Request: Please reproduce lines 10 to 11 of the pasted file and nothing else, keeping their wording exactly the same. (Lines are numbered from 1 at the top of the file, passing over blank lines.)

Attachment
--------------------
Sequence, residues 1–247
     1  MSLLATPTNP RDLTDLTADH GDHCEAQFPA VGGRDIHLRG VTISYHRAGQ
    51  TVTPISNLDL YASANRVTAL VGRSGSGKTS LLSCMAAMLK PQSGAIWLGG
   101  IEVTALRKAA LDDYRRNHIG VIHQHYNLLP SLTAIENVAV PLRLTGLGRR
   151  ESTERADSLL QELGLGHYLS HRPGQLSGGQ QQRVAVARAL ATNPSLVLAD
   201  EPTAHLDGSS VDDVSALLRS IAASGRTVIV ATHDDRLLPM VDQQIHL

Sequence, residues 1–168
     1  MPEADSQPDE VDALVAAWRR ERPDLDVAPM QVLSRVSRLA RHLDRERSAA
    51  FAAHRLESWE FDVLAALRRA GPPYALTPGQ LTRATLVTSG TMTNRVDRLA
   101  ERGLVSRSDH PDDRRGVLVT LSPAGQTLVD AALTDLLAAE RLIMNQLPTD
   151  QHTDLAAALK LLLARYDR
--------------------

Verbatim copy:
   101  ERGLVSRSDH PDDRRGVLVT LSPAGQTLVD AALTDLLAAE RLIMNQLPTD
   151  QHTDLAAALK LLLARYDR